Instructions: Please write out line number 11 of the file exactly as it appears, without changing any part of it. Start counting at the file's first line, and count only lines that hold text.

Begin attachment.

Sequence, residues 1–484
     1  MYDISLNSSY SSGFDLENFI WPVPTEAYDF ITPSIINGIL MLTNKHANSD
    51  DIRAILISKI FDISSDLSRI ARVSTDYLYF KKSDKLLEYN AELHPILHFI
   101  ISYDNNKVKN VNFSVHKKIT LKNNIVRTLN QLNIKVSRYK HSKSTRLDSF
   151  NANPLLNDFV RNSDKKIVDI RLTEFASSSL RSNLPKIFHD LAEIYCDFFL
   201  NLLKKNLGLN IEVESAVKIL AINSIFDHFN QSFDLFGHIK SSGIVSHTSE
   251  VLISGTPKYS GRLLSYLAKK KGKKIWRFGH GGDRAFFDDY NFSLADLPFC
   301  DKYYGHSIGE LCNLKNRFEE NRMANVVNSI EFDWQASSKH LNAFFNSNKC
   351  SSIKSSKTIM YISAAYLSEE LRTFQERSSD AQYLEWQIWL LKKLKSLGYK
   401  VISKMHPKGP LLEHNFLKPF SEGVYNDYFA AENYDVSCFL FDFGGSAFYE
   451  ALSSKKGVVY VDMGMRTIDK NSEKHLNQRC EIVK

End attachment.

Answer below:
   451  ALSSKKGVVY VDMGMRTIDK NSEKHLNQRC EIVK